Snakes were here first.
Although snakes have
walked trotted slithered around on Earth for around 100 million years, it’s easy to dislike snakes. It’s a distaste tattooed into humans (Garden of Eden, dragons, Nüwa in Chinese creation myths, etc.) thousands of years ago. An innate fear that’s likely a holdover from our prehistoric ancestors (ophidiophobia or “fear of snakes”).
However, we now know that without snakes, human civilization would be overrun by rodents…disease-carrying rodents. We really should thank the snake! After all, we’re intruding on their territory. And they’ll be here long after we’re gone.
Copperhead territory is expanding.
It’s true. Even if you don’t believe in climate science—and one day you will, whether you like it or not—but warmer, wetter conditions are presenting the copperhead with more places to call home.
Now more than ever, we need to respect our legless friends’ place in nature as master rodent killers. While raptors may snatch mice and rats from the sky, only snakes can slither their way into burrows and really thin those numbers.
Over the last year I collected a pile of hidden copperhead snake images and boiled it down to my favorite dozen. These are all copperheads, which can be found across much of the South and Midwest. Take your time and I promise, there are no trick images. Each and every photo has a venomous copperhead waiting for you. Good luck!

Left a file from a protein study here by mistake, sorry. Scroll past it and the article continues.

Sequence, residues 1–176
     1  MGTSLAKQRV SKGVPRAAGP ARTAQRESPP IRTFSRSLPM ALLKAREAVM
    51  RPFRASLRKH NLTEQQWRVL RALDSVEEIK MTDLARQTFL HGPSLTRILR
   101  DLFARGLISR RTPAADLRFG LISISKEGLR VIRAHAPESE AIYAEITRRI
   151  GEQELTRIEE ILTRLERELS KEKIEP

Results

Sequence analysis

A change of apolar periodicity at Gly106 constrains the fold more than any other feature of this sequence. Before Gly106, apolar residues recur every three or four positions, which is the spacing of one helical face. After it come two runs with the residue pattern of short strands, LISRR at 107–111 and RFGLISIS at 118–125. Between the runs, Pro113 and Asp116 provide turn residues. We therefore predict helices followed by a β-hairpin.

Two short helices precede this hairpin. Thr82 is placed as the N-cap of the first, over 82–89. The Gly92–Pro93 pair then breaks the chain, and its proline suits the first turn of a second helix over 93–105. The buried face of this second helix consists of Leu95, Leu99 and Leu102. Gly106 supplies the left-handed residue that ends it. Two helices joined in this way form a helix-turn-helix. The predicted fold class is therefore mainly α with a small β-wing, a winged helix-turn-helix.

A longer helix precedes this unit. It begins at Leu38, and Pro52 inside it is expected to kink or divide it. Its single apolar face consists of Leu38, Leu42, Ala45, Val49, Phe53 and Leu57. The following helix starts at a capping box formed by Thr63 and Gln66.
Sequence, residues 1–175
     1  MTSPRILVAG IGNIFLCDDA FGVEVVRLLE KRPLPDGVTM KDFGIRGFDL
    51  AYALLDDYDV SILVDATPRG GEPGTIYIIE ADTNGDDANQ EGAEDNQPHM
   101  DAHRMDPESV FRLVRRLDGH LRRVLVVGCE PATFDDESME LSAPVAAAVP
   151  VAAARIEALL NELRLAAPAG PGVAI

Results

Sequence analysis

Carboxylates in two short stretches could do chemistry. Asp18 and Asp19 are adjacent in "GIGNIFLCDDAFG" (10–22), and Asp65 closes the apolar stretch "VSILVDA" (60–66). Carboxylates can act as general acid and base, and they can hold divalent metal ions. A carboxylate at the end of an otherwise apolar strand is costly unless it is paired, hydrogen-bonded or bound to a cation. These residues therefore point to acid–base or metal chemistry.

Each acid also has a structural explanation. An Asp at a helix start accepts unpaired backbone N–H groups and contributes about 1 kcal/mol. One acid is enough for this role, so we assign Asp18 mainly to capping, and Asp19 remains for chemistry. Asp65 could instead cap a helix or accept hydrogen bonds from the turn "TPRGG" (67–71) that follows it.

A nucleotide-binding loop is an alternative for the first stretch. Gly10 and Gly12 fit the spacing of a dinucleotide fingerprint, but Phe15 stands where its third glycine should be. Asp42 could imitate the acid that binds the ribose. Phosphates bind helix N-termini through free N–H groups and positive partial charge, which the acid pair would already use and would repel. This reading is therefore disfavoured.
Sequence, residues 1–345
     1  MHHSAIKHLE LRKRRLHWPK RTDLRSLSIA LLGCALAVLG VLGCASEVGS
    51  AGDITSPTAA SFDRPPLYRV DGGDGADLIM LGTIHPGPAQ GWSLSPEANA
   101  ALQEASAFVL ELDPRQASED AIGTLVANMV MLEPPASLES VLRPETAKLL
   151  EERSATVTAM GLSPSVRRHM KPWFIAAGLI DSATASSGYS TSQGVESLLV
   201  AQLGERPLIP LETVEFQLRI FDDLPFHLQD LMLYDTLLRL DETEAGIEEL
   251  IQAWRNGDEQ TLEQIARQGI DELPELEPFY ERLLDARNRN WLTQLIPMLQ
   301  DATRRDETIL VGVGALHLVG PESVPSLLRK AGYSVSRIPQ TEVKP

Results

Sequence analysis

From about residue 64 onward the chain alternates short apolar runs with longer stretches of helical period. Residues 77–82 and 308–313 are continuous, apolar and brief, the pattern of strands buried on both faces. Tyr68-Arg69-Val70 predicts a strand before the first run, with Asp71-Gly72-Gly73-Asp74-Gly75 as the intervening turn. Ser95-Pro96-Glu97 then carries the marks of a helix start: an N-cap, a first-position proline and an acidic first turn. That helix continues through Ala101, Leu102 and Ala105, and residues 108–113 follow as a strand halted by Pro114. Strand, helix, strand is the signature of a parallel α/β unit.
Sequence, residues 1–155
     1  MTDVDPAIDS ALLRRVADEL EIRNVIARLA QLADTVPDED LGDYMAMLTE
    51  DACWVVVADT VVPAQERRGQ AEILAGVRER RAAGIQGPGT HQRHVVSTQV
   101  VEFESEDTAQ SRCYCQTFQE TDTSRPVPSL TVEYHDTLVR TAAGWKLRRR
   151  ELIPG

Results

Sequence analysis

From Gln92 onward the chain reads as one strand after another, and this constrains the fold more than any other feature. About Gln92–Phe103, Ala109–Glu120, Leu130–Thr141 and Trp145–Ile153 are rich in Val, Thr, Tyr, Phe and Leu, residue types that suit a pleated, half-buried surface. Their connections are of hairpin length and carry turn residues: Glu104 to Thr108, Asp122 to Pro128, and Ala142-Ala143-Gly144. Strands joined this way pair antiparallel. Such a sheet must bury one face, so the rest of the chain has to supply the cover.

An easy one.
Copperhead Fact: Not only do these pit vipers wipe out infestations of mice and rats, but they eliminate the ticks these rodents often carry. Ticks that cause things like Lyme disease and Rocky Mountain Spotted Fever.
Solution to “An easy one”
Copperhead Fact: Many snake species seem cosmetically similar, but only copperheads have the distinct hourglass-shaped markings. Look for that shape while identifying one, but don’t look too closely.
Another easy one (building your confidence).
Copperhead Fact: Pit vipers like copperheads derive their name from a heat-sensing organ located between the eye and nostril. This provides location of prey regardless of light conditions, a very useful tool when hunting in lightless burrows or nests.
Solution to “Another easy one.”
Copperhead Fact: Unlike most venomous species, copperheads do not generally flee when approached. Instead, they rely on their remarkable camouflage to blend in with their surroundings. However, if a threat approaches too close, copperheads will strike.
Getting a little more difficult…
Copperhead Fact: Despite their defensive aggression, copperheads often deliver a “dry bite,” or bite which contains a small amount of venom. It requires time to and energy to produce venom, so copperheads won’t waste it. While a bite from these pit vipers is painful, it is rarely fatal to a healthy human adult.